The twentieth century is young as free-thinking Boston divorcee Roberta Jewett returns with her three daughters to Camden, Maine, the seaside village where she was born and raised. Modern times have come to Camden in the form of the motorcar, but Roberta quickly discovers that a divorced woman is still considered little better than a prostitute. Condemned by her mother, harassed by her lecherous brother-in-law, and scorned by the townsfolk, she nonetheless perseveres in her struggle to forge a good life for her girls and herself. Behaving as no respectable woman would, Roberta gets a job as a county nurse, learns to drive, and buys herself a Model T. Embittered by her painful and humiliating marriage to an outrageous philanderer, Roberta has no intention of being any mans victim again. So when widowed contractor Gabriel Farley begins work renovating her house, Robertas first response to him is blatant resentment. Yet Gabriels gentle ways, his concern for his own teenage daughter, and his vibrant masculinity become more and more apparent, and Roberta finds herself slowly warming to his presence. When Roberta is brutalized on a lonely country road, and the abysmal hypocrisy of Camdens solid citizens threatens to exonerate the aggressor at the expense of her and her family, the sweethearts are forced to make their romance public as they fight for justice. In the ultimate test of will and devotion, Roberta must summon the courage to stand up to an entire town.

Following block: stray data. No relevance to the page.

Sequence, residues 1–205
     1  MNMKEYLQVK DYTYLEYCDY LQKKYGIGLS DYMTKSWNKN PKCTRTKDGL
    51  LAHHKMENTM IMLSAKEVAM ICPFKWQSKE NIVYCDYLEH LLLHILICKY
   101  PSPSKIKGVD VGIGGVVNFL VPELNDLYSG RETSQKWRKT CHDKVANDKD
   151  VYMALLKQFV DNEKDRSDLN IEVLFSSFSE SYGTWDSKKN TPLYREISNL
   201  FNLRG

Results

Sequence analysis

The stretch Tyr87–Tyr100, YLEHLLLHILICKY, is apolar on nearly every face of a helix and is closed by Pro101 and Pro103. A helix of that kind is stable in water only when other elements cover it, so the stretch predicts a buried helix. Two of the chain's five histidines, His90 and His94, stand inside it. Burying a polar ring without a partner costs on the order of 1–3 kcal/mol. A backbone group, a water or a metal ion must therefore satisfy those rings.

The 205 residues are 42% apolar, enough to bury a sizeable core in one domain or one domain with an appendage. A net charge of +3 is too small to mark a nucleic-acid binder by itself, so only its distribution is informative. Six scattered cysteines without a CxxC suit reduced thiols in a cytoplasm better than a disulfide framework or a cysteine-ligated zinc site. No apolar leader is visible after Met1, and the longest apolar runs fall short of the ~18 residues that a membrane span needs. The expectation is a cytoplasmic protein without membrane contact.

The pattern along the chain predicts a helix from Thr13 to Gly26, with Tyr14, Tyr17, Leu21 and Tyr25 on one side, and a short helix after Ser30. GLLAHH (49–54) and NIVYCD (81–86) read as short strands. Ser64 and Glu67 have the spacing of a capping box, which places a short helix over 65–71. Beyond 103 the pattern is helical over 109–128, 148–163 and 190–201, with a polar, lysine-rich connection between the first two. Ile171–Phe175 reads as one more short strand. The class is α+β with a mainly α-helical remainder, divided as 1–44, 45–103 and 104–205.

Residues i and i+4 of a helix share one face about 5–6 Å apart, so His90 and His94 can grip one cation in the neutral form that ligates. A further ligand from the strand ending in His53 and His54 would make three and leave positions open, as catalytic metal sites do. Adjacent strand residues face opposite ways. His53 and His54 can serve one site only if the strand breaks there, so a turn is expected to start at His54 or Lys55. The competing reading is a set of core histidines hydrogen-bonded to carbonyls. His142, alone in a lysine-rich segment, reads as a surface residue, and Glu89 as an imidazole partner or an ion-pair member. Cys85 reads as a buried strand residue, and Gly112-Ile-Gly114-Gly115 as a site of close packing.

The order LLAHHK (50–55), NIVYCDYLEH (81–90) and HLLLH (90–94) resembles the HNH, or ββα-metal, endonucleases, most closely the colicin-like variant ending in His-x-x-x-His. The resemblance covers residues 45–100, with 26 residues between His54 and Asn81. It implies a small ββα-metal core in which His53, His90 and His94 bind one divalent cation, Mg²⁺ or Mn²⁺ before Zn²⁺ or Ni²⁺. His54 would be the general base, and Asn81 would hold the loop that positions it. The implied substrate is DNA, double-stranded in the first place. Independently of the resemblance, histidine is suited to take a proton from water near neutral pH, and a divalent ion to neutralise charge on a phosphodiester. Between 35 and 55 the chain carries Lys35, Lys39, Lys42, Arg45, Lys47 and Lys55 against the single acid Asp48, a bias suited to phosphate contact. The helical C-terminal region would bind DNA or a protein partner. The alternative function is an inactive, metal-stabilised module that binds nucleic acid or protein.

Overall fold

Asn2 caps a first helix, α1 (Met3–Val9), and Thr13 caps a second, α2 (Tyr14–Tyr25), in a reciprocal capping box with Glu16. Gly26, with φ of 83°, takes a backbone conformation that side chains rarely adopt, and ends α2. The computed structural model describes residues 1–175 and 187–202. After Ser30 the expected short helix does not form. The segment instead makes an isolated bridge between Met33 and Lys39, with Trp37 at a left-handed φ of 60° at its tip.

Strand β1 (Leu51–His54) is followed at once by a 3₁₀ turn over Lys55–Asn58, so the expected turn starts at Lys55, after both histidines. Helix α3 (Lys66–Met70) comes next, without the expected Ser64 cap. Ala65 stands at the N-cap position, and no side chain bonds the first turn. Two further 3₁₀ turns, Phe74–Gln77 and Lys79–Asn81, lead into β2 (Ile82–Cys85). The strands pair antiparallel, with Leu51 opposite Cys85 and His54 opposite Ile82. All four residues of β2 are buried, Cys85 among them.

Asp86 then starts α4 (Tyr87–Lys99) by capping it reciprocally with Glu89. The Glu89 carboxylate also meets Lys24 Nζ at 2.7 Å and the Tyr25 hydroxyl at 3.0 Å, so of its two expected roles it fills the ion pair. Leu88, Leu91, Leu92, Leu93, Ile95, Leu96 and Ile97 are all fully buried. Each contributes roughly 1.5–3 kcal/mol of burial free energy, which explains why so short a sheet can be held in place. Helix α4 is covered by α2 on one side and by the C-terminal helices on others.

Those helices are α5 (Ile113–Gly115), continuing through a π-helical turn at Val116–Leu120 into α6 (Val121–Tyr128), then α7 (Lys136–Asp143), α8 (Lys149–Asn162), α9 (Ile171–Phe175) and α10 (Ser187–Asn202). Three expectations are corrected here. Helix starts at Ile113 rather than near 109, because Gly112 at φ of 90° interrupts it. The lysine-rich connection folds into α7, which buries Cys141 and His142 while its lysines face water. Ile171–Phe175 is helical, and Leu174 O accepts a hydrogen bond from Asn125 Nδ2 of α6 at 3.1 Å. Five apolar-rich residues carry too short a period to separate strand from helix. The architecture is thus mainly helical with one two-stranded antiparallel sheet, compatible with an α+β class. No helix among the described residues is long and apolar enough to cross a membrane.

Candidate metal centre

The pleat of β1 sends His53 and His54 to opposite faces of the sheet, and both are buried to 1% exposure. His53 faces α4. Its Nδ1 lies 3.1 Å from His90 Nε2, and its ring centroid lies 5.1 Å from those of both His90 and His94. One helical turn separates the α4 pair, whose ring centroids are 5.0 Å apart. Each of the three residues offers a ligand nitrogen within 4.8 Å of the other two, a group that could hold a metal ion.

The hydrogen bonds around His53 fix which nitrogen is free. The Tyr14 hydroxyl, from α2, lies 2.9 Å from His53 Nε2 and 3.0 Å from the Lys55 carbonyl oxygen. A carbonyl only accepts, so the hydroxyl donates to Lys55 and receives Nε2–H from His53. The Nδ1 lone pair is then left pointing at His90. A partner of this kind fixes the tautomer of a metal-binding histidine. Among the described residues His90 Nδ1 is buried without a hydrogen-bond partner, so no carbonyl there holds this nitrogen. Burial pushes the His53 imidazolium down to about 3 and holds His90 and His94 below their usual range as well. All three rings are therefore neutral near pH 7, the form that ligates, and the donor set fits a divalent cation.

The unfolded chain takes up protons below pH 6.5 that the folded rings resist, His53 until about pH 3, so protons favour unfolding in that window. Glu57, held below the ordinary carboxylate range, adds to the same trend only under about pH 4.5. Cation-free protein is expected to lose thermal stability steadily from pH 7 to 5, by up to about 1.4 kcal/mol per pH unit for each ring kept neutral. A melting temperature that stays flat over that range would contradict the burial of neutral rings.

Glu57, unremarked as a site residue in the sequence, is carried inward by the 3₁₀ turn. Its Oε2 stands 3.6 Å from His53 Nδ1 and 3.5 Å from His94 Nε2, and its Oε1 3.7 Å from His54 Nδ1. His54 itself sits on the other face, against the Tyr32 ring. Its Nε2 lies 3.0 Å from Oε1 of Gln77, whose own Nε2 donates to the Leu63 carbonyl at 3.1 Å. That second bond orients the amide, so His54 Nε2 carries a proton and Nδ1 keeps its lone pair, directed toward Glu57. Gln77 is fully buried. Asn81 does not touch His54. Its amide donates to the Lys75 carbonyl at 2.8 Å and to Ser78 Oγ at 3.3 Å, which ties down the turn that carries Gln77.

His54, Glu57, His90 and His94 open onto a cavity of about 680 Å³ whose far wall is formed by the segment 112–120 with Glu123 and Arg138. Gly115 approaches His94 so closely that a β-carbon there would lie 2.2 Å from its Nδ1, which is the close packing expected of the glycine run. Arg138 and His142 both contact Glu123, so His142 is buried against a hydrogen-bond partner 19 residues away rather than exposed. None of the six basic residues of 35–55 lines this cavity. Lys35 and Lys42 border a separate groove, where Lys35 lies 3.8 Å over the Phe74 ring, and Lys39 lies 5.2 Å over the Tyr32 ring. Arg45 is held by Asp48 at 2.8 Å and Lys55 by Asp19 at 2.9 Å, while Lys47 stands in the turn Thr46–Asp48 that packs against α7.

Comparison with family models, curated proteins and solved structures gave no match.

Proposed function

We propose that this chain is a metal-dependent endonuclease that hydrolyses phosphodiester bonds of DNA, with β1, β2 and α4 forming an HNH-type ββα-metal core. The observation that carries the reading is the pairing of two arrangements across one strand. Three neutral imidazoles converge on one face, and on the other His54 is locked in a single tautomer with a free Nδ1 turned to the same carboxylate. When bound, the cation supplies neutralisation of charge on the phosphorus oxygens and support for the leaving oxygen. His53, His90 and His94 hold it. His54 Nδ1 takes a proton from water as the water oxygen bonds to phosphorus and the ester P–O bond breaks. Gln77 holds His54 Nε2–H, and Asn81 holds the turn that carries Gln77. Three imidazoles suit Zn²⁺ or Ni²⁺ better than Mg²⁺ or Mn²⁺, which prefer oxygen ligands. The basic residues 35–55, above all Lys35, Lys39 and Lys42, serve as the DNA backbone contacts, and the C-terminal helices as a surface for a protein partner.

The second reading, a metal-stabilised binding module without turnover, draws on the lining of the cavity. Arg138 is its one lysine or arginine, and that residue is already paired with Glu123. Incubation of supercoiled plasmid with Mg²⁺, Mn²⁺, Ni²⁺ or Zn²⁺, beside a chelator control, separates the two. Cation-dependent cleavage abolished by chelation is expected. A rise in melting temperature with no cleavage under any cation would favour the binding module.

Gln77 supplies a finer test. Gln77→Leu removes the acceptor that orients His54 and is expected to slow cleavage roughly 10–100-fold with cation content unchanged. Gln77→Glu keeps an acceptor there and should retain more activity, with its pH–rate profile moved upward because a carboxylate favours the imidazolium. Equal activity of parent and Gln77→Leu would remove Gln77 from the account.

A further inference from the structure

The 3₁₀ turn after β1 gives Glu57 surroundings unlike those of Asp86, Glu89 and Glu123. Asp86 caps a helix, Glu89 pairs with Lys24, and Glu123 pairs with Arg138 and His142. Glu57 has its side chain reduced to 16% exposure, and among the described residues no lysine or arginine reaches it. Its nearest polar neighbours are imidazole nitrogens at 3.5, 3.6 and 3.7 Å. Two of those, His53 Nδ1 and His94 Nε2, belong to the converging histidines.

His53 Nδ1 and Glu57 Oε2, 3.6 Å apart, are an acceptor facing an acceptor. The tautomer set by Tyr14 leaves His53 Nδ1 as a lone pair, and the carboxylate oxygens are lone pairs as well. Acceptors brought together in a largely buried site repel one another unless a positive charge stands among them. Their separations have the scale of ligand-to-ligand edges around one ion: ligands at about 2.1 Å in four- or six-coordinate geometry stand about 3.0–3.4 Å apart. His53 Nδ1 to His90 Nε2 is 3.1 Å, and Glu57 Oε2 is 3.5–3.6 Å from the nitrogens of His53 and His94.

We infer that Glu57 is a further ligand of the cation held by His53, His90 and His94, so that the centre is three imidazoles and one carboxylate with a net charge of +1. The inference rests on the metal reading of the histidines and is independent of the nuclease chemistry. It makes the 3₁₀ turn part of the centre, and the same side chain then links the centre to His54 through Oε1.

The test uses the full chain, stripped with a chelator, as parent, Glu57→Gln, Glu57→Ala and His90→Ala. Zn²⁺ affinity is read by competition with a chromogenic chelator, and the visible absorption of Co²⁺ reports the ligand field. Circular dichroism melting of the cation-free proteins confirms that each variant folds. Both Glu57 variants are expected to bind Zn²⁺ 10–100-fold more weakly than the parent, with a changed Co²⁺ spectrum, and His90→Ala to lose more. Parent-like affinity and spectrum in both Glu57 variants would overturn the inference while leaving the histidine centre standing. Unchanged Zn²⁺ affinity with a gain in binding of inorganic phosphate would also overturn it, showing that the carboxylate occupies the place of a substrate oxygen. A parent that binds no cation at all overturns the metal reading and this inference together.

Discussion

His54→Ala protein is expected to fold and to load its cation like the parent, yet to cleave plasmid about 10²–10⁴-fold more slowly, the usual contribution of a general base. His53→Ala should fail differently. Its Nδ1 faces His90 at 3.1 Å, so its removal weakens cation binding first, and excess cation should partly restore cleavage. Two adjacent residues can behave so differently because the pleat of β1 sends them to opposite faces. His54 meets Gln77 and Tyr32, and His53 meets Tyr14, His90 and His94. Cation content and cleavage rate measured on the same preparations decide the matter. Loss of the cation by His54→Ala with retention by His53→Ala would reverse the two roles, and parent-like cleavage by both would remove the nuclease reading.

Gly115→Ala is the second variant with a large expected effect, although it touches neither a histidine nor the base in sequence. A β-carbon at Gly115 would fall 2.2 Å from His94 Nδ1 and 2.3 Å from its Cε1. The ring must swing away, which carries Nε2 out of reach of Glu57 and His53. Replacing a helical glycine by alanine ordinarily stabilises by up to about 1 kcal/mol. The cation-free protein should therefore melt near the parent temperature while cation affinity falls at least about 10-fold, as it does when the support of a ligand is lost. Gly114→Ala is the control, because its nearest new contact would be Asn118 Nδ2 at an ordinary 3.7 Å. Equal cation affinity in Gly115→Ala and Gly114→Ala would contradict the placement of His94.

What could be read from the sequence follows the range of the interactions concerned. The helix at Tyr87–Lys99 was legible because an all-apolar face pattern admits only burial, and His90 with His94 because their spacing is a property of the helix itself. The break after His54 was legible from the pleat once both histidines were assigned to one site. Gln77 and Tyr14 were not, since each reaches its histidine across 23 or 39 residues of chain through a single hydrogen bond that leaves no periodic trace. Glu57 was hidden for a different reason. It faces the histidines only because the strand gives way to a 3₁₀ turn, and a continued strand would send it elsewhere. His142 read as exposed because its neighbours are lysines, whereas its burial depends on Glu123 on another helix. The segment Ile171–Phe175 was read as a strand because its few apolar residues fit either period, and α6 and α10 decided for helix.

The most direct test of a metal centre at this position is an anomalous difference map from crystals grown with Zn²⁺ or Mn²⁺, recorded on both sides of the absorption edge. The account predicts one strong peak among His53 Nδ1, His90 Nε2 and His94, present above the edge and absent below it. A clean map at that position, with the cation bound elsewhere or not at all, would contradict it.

Following such major New York Times bestsellers as Home Song and Family Blessings, one of Americas most adored storytellers outdoes herself with this compelling story of a pair of lovers who must battle a towns hypocrisy—a triumphant paean to the power of love.